Home Archives October 2008 Should executives share the pain of pay cuts?

Should executives share the pain of pay cuts?

| Print |  Email
Wednesday, October 01, 2008

If corporate ethicist David Layzell had his way, all public companies would institute performance-based executive pay programs like Monaco Coach recently did.

In response to lagging sales, the Coburg-based luxury RV maker announced this summer they were laying off workers and shuttering manufacturing operations in Indiana. The company also decided to reduce the pay of its top executives.

The program cuts the pay of top managers by 15% to 50%, though portions of their compensation can be earned back if they reduce company inventory by $58 million over the next 12 months, according to Securities and Exchange Commission filings.

As the economy slows, top-level executive pay is bound to be an issue with investors as overall business suffers. Layzell, associate director at the Portland State University Center for Professional Integrity and Accountability, says reducing executive pay when times are bad is what any “reasonable company” should do.

But premium executive talent can be tough to find and to keep. A company must also consider the consequences of a skilled and experienced executive leaving for a more desirable job if they take a pay cut. A company must ask, “Can we consciously pay below market value,” Layzell says. After all, “If you pay below market value, you get below market quality,” he says.

Aside from finances, a favorable company image is also at stake. By reconsidering the compensation of a struggling company’s top decision-makers, it addresses the question of “sharing the pain,” says Layzell.

Monaco CEO Kay Toolson’s pay was slashed by 50% and president John Nepute’s compensation was cut by 30%. This should save the company about a million dollars over the year, says Craig Wanichek, Monaco’s director of investor relations.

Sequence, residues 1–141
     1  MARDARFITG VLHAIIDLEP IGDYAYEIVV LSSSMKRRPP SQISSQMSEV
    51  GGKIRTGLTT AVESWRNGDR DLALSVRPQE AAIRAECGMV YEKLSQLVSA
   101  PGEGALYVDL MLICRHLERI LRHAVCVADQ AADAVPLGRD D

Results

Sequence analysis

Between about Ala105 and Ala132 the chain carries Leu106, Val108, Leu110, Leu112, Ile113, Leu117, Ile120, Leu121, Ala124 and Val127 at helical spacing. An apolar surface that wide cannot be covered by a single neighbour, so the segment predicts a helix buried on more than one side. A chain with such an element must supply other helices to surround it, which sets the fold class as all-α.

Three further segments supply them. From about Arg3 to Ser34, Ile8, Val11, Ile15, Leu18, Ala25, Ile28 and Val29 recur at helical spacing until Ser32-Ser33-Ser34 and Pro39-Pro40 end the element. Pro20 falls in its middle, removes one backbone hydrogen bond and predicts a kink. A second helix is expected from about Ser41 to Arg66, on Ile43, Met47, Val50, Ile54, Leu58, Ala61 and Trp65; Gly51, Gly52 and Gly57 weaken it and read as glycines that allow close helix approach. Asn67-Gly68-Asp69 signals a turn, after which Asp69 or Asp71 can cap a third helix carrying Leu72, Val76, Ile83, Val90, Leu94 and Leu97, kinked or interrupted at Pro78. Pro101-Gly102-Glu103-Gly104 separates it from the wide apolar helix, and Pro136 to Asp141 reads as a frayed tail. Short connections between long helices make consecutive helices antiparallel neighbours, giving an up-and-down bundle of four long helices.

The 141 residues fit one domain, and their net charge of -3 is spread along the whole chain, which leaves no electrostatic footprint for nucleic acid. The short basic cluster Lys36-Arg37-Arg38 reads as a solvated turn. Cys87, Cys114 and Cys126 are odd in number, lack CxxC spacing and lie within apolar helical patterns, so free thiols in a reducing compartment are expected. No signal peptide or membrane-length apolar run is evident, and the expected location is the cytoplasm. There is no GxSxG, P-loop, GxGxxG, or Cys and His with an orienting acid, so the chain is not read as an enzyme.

“It’s about tying the objective of the company with the management team,” Wanichek says. Executive pay-reduction initiatives are relatively new in corporate governance. Layzell, who also held a number of senior finance roles at Intel for 26 years, says such programs were born from the excesses of the 1990s. In recent years, exorbitant executive compensation has encountered a firestorm of scrutiny as investors and employees demand management be held accountable, not rewarded, for a failing company.

Saving money by reducing your own pay, though, is just a small part of it. It’s also a statement of solidarity, says Layzell. When employees see that their bosses are willing to cut their own pay, it boosts workplace morale.                     

JASON SHUFFLER


Have an opinion? E-mail This e-mail address is being protected from spambots. You need JavaScript enabled to view it


 

More Articles

How to add positivity to your team

Contributed Blogs
Friday, September 12, 2014
happy-seo-orlando-clientsBY TOM COX | OB BLOGGER

I often talk about what leaders can do. What about followers? If you’re a team member and you’d like to add positivity to your team, what might you do?


Read more...

The Backstory

October 2014
Thursday, September 25, 2014

In our cover story this month, Wendy Collie, CEO of New Seasons Market, and Kim Malek, owner of Salt & Straw, discuss their rapidly growing businesses and Portland’s red hot food scene. The conversation provides an interesting lens through which to explore trends in the grocery store and restaurant sectors.


Read more...

October surprise

News
Sunday, October 12, 2014
roundup-logo-thumb-14BY LINDA BAKER

Cylvia Hayes, tabloid vs. watchdog journalism and the looming threat of a Cascadia earthquake.


Read more...

Grape Expectations

October 2014
Thursday, September 25, 2014
BY HANNAH WALLACE

Well-financed outsiders from France and California are buying up vineyards and wineries in the Willamette Valley.


Read more...

Podcast: Turn Things Around with David Marquet

Contributed Blogs
Friday, October 17, 2014
davidmarquet thumbBY TOM COX | OB BLOGGER

How can you move from a command-and-control leadership model to one of true empowerment and accountability? David Marquet did, and he took notes along the way.


Read more...

Private liberal arts education: superior outcomes, competitive price

Contributed Blogs
Tuesday, August 26, 2014
0826 thumb collegemoneyBY DEBRA RINGOLD | OP-ED CONTRIBUTOR

Why has six years become an acceptable investment in public undergraduate education that over-promises and underperforms?


Read more...

Report Card

September 2014
Tuesday, August 26, 2014

Strong public schools shore up the economy, survey respondents say. But local schools demonstrate lackluster performance.


Read more...
Oregon Business magazinetitle-sponsored-links-02
SPONSORED LINKS